American history is filled with chapters that aren't easy to look at. That includes the years before the Civil War, where the nation had to deal with slavery and its treatment of African-Americans.

This chapter hasn't been seen too often: a free Black from New York state meets two men who promise him a job, but actually sell him to slavery. This was the story of Solomon Northup, who was 12 Years A Slave between 1841 and 1853, well before the Civil War and even the Dred Scott Decision. It's the basis of a fantastic drama starring Chiwetel Ejiofor. It's now in more than 400 screens a couple of months after its premiere at Telluride, and may get more later this month.

The movie begins with Northup as part of a gang of sugar cane harvesters. It seems to be a typical day of hard work and little food. Then we see him try to write something. We see he is not a typical slave. He was once a fiddler, a husband, and a father in Saratoga, New York in 1841. He is treated like anyone else. Then, he meets two men, Hamilton and Brown, who promise him a lucrative job in Washington. Instead, he wakes up in chains, and is told he's a runaway slave. He tries to identify himself, but without proof, he has lost his identity and even his name. The movie makes it clear that even a Free Black's status can be taken away by losing his papers, just because of his skin.

The movie, directed by Steve McQueen, doesn't pull any punches on how slaves were treated. Seeing some of the slaves whipped is a painful experience. Showing how they were sold, even nude, to people is even more shocking. When Paul Giamatti as Freeman presents slaves for sale, it's almost as if he's a used car salesman.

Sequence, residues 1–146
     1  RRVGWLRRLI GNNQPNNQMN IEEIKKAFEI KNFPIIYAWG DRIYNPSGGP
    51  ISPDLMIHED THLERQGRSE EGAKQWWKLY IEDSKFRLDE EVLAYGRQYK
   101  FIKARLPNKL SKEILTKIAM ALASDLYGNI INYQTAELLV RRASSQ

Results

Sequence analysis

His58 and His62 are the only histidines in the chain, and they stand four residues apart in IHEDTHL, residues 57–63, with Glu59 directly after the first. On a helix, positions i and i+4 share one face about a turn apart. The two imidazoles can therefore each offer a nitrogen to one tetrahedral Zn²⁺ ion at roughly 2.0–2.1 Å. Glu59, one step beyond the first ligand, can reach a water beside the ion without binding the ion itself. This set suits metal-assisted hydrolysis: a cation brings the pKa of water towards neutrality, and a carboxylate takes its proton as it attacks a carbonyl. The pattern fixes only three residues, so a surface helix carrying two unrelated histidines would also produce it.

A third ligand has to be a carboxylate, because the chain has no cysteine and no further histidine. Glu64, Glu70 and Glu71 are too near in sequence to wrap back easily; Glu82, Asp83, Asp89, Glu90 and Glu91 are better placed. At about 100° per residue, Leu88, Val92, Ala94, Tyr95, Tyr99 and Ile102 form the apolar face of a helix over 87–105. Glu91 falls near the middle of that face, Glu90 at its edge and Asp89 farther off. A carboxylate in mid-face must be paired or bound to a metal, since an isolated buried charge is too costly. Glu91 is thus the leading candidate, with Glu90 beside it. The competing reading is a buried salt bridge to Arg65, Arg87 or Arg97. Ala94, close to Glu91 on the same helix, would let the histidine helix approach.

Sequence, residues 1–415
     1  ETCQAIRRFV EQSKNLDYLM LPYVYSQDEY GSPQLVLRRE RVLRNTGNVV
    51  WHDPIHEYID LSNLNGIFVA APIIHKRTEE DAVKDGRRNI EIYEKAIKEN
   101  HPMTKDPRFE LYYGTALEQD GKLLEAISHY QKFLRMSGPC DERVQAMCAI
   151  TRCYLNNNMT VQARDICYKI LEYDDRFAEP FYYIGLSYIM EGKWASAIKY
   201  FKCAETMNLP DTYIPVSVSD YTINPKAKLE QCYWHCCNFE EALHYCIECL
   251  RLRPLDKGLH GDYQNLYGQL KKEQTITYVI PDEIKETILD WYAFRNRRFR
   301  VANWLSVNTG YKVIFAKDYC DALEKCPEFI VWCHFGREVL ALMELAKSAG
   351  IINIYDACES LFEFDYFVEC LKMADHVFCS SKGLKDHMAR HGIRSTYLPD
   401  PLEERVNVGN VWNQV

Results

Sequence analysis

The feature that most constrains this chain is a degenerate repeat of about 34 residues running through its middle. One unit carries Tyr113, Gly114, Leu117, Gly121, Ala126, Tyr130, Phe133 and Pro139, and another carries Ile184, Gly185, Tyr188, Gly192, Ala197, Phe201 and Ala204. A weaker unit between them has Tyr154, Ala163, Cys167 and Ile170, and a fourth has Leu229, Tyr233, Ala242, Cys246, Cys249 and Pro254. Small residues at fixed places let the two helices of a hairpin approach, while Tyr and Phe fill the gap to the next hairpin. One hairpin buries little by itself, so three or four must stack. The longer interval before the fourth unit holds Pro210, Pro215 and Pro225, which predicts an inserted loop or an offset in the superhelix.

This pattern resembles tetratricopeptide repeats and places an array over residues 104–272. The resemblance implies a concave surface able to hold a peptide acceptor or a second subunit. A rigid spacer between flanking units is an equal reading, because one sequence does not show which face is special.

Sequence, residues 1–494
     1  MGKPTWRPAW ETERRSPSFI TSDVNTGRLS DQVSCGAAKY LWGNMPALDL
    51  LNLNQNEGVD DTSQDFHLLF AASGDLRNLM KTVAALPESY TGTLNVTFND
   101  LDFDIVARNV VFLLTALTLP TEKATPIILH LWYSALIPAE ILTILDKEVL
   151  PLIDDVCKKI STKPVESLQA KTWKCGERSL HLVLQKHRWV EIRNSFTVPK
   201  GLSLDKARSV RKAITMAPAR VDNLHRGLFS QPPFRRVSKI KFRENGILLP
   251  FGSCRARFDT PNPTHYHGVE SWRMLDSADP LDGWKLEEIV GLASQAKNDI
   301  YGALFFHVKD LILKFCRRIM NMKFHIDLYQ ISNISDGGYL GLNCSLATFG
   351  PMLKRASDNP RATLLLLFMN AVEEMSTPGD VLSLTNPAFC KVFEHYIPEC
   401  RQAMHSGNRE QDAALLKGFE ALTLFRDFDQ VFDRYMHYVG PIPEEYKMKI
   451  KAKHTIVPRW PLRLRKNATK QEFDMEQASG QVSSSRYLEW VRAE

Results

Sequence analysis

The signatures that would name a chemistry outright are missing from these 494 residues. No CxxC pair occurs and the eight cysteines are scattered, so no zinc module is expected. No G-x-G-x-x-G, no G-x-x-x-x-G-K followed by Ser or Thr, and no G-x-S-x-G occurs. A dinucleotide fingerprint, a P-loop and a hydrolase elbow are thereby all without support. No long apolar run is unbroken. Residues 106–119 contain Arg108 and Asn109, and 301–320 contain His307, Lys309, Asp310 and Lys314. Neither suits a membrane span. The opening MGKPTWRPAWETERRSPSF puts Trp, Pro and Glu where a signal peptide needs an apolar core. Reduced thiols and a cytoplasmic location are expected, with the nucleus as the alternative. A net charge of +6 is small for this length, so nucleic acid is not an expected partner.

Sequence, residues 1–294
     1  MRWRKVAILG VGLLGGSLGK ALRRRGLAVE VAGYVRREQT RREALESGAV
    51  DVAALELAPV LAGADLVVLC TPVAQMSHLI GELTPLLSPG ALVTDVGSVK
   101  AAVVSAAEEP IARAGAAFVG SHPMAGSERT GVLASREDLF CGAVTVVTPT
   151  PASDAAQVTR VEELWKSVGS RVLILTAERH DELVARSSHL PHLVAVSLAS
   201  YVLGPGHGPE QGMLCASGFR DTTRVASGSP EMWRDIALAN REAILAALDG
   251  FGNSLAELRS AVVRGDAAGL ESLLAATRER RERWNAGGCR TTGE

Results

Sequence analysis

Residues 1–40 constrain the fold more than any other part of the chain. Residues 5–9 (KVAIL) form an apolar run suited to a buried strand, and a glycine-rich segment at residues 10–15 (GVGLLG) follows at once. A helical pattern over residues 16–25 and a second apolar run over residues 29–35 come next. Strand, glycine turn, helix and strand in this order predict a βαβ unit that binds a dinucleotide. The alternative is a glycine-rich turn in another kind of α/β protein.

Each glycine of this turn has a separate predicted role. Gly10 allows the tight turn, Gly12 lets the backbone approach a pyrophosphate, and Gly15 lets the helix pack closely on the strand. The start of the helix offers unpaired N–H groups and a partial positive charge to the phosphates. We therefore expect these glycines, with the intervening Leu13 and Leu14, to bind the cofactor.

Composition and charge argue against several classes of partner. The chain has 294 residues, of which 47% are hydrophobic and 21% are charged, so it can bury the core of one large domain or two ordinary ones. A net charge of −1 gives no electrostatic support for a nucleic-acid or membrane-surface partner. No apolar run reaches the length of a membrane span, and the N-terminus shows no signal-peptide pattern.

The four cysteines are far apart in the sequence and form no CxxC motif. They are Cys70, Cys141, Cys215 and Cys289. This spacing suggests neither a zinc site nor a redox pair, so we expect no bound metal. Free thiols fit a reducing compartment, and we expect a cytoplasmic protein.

Northup, now called Platt, is sold to Shaw (Benedict Cumberbatch), who seems to be reasonable. However, Tibeats (Paul Dano) takes a disliking to Platt, mainly because he's smarter than Tibeats. Platt is later sold to Epps (Michael Fassbender), who is a cruel master, and sometimes has sex with Patsey (Lupita Nyong'o), a field slave. How his wife Mary (Sarah Paulson) deals with this fact is even more disturbing. She doesn't like what Epps is doing, but she doesn't really stop him. In her mind, it's also Patsey's fault.

Through the years, Platt does what he can to survive and find a way to escape back north. As the years go by, that determination slowly breaks down. When he's with Shaw, he thinks his experience in building the Champlain Canal may make him a valuable part of the plantation. Tibeats does what he can to end that idea. In Epps' plantation, Platt is slowly broken down. Seeing his face in full despair is something you don't forget.

He does get some hope thanks to Bass (Brad Pitt), a Canadian carpenter. Even if Platt regains his true identity, he may still lose valuable things he'll never get back.

This movie has been touted as a possible favorite for Best Picture come Oscar time, but 12 Years A Slave isn't an easy movie to see. It is still worth watching. It shows a piece of American history that's not discussed very often, but should be to remind us how we've advanced.
Ejiofor is the best. His abilities as an actor has been getting a lot of notice from this movie and the Starz mini-series, Dancing on the Edge. Fans of the sci-fi movie Serenity, though, already know. Fassbender is chilling as Epps, who says he can do anything to his "property", even force Platt to do an unspeakable thing. Nyong'o is also great as Patsey, someone who has made some unpleasant decisions to survive. Cumberbatch is also good, showing that not all slaveowners were bad. At least he recognized Platt was not a typical slave.

It also shows the race for Best Actor might wind up as an endurance race. Ejiofor does through a lot of physical and emotional abuse in this movie. Tom Hanks battles pirates and their treatment in Captain Phillips. Matthew McConaughey loses a lot of weight to be an unlikely AIDS activist in Dallas Buyers Club, and Robert Redford battles disaster on the high seas alone in All Is Lost. It'll be one interesting awards season.

Thursday, October 31, 2013

ICWXP: More Bad Shorts, New Eyes, and a New Villain (Update: and a new van!)